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Dialogues Clin Neurosci. 2014 Sep;16(3):395-404.

Epigenetic alterations in depression and antidepressant treatment.

Author information

1
Department of Translational Psychiatry, Max Planck Institute of Psychiatry, Munich, Germany.
2
Department of Translational Psychiatry, Max Planck Institute of Psychiatry, Munich, Germany; Department of Psychiatry and Behavioral Sciences, Emory University School of Medicine, Atlanta, Georgia, USA.

Abstract

in English, French, Spanish

Epigenetic modifications control chromatin structure and function, and thus mediate changes in gene expression, ultimately influencing protein levels. Recent research indicates that environmental events can induce epigenetic changes and, by this, contribute to long-term changes in neural circuits and endocrine systems associated with altered risk for stress-related psychiatric disorders such as major depression. In this review, we describe recent approaches investigating epigenetic modifications associated with altered risk for major depression or response to antidepressant drugs, both on the candidate gene levels as well as the genome-wide level. In this review we focus on DNA methylation, as this is the most investigated epigenetic change in depression research.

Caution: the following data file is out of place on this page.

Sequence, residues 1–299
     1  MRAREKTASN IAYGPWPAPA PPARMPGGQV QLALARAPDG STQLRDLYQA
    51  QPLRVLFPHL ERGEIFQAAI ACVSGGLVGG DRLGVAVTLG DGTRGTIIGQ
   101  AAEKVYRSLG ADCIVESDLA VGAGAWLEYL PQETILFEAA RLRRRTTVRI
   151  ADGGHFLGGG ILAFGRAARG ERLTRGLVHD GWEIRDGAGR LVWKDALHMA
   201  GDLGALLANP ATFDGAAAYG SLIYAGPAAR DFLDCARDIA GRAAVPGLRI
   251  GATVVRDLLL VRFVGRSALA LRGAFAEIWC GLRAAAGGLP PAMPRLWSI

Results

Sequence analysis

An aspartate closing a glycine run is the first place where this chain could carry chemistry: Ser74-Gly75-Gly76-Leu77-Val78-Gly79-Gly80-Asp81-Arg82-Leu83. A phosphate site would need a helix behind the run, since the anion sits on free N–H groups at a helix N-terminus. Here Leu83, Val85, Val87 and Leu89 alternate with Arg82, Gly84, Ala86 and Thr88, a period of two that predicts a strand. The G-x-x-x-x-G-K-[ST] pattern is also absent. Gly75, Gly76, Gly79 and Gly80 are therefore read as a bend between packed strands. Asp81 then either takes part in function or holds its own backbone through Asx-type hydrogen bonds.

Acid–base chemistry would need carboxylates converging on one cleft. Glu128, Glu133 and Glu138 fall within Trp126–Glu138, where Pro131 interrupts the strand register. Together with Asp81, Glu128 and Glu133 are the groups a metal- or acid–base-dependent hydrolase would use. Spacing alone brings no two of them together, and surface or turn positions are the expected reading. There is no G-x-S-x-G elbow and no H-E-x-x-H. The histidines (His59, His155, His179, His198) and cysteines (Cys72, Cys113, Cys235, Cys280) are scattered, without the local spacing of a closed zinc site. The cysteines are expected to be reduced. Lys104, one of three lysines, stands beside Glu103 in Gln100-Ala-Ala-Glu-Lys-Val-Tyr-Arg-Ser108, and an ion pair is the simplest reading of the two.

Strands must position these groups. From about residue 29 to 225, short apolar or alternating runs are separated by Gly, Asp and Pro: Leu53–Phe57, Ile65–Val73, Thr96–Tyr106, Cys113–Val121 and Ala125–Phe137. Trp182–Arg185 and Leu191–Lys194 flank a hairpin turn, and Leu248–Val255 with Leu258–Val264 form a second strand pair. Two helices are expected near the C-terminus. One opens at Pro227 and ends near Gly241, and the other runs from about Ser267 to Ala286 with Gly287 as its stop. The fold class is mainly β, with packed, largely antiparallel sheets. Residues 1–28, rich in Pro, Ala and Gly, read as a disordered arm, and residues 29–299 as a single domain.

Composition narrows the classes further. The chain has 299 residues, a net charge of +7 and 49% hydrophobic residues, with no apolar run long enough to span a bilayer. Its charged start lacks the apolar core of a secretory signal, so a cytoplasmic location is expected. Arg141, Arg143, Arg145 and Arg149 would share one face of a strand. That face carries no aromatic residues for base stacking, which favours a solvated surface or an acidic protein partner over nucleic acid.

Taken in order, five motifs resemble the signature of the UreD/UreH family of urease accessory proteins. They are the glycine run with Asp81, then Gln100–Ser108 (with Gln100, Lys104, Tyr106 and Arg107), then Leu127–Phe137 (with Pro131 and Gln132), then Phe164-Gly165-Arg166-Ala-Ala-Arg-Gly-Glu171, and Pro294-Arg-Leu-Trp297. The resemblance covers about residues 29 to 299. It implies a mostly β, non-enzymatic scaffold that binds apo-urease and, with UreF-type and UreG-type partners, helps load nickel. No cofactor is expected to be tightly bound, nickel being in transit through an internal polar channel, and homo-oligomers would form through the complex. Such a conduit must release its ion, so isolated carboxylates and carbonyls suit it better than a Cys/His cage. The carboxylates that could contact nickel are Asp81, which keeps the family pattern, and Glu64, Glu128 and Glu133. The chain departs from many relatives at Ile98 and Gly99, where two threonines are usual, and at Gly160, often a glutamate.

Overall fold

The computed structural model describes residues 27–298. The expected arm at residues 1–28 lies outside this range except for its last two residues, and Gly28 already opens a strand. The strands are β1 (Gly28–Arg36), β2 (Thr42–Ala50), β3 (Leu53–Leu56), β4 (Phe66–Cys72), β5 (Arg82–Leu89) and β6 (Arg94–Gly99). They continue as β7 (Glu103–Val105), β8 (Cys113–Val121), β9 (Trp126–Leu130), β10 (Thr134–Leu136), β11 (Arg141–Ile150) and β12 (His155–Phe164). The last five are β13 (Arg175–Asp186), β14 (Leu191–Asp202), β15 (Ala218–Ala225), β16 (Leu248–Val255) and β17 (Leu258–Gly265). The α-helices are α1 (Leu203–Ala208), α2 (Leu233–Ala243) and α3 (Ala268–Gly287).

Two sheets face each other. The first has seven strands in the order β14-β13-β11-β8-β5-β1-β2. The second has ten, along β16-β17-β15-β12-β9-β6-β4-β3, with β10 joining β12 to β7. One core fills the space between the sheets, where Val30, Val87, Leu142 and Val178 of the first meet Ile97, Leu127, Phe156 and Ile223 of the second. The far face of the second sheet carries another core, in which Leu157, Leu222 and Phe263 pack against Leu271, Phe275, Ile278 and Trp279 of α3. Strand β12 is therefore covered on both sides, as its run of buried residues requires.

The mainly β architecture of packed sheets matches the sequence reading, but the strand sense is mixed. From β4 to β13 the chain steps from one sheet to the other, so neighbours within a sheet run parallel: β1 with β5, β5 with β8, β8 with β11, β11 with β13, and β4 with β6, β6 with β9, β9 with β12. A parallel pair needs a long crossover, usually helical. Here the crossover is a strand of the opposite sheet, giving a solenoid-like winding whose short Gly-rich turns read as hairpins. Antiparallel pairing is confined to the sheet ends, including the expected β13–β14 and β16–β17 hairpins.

KEYWORDS:

EWAS; acetylation; antidepressant; epigenetics; epigenome-wide association study; histone modification; major depression; methylation

PMID:
25364288
PMCID:
PMC4214180
[Indexed for MEDLINE]
Free PMC Article

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